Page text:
The Utilities Consumer Advocate (UCA) represents the interests of residential, farm and small business customers of electricity and natural gas at regulatory proceedings with the Alberta Utilities Commission (AUC).
The UCA’s primary goal in regulatory proceedings:
The UCA aims to ensure that customers get their utility services at the lowest possible cost, consistent with reasonable levels of service. Because the costs of regulatory proceedings, including all approved legal and consultant fees for interveners, are paid for through customers' utility rates, it's important that Albertans receive good value for these costs (and all other utility operational expenses).
Our mandate is established in Schedule 13.1 of the Alberta Government Organization Act.
UCA Regulatory Affairs
To effectively represent customer interests, the UCA has a Regulatory Affairs section with two groups: Market Policy and Analysis and Regulatory Operations.
Market Policy and Analysis
The UCA brings fact-based, well-researched positions to the government and industry in order to create policy changes that benefit customers. Best practices and regulatory proceedings in other jurisdictions help guide its recommendations.
The UCA also represents customers in forums outside the AUC, including:
- Collaborative Industry Discussion and Issue Resolution (CIDIR)
- Transmission Facility Cost Monitoring Committee (TFCMC)
- Alberta Electric System Operator (AESO) Business Review Process and market issues that directly impact consumers
- Tolls, Tariff, Facilities & Procedures Committee (TTFP)
- Government of Alberta working groups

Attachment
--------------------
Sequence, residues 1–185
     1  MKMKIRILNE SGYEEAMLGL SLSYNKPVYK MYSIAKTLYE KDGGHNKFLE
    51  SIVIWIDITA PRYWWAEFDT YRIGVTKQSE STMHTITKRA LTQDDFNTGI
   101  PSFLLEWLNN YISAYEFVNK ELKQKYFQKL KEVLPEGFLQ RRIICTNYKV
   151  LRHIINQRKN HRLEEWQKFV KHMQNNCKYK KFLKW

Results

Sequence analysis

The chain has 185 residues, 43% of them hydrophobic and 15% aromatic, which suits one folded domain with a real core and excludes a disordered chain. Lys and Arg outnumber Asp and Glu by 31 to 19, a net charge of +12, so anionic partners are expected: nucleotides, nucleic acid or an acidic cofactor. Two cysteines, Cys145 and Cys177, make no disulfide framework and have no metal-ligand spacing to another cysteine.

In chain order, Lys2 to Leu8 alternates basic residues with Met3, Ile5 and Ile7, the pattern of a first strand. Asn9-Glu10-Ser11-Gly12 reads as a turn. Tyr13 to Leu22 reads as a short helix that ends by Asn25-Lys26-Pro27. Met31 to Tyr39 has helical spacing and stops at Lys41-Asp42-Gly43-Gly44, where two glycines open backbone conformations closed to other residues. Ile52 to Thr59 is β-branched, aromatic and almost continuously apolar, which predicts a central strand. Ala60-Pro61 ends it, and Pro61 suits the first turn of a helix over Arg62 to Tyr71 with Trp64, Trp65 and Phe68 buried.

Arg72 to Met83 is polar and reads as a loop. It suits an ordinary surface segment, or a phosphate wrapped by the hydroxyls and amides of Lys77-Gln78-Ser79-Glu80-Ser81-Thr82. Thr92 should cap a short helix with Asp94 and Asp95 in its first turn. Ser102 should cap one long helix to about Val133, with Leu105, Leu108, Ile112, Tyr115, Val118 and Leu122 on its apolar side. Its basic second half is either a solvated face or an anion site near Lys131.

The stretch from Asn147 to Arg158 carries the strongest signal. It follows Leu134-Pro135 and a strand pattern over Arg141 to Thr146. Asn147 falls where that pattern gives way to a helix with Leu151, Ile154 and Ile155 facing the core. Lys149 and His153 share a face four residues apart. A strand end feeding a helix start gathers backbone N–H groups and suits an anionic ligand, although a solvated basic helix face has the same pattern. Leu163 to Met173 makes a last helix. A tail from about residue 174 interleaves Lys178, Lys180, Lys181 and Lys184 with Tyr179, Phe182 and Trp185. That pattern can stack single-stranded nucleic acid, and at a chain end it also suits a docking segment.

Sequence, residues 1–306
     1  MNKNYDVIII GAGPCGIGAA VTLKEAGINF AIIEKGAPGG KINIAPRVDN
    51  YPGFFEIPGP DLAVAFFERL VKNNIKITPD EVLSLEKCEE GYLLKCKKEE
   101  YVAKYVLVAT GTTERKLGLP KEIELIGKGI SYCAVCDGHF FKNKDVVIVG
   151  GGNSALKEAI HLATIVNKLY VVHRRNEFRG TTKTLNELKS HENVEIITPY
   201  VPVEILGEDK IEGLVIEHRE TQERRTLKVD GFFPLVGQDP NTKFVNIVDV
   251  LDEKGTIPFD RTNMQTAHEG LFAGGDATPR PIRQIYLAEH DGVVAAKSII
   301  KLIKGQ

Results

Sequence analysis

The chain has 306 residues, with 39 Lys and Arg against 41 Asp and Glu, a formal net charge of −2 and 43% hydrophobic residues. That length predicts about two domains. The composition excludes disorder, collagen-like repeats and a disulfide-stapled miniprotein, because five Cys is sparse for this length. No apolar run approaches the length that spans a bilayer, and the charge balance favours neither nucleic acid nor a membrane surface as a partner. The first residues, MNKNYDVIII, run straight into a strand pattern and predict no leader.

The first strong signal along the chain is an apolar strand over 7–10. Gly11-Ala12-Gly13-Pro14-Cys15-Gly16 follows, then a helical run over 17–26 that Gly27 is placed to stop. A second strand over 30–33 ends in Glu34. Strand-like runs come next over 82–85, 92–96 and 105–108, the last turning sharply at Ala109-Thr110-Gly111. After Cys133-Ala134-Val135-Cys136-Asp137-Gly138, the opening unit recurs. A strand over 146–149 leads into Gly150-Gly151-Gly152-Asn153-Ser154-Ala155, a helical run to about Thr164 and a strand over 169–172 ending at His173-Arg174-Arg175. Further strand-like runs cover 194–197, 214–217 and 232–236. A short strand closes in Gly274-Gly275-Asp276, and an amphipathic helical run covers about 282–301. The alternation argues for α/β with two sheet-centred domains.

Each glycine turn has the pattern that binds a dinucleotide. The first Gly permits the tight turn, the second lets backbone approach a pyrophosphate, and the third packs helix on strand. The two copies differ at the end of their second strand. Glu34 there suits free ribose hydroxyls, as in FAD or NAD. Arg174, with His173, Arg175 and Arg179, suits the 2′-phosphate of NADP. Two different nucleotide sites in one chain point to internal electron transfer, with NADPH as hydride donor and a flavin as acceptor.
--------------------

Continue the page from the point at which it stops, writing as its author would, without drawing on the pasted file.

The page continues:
The UCA reviews all applications brought before the AUC and participates in regulatory proceedings based on the following factors:
- Customers are entitled to reasonable levels of service
- Utility service providers are entitled to a fair return for their services
- Rates are applied consistent with who caused the particular cost.
What does the UCA ask when evaluating?
- Could the outcome of the proceeding have a direct impact on residential, farm and small business customers? How significant is the impact?
- Money involved
- Business practices affected
- Process oversight
- Has the UCA been successful in the past, and will the UCA be able to influence the outcome?
- Is regulatory intervention the most effective means to influence the outcome? Is there a policy approach that would be more effective (legislation, regulation)?
The UCA then reviews the utilities’ proposals in detail, challenges them if necessary, and presents alternative proposals. This is done through a quasi-judicial process of written questions and evidence, oral cross-examinations and submission of arguments and reply arguments. The AUC then weighs the information presented by all sides to make a decision that's both fair to the utility and its customers. The AUC publishes their findings, directions and decisions in a document called a Decision.
Interventions can result in changes to the methods utilities use to allocate costs. They may also result in changes to the various components on your bill, or even a redefinition of customer classes.
The UCA also intervenes in many other types of utility applications, such as debt and equity issues, changes to terms and conditions of service, and conditions for purchasing energy for Regulated Rate Option (RRO) customers and others to ensure that customers’ interests are protected.
The UCA reports on AUC decisions and its own activities before the AUC and courts of law. Find more information on Regulatory Reporting.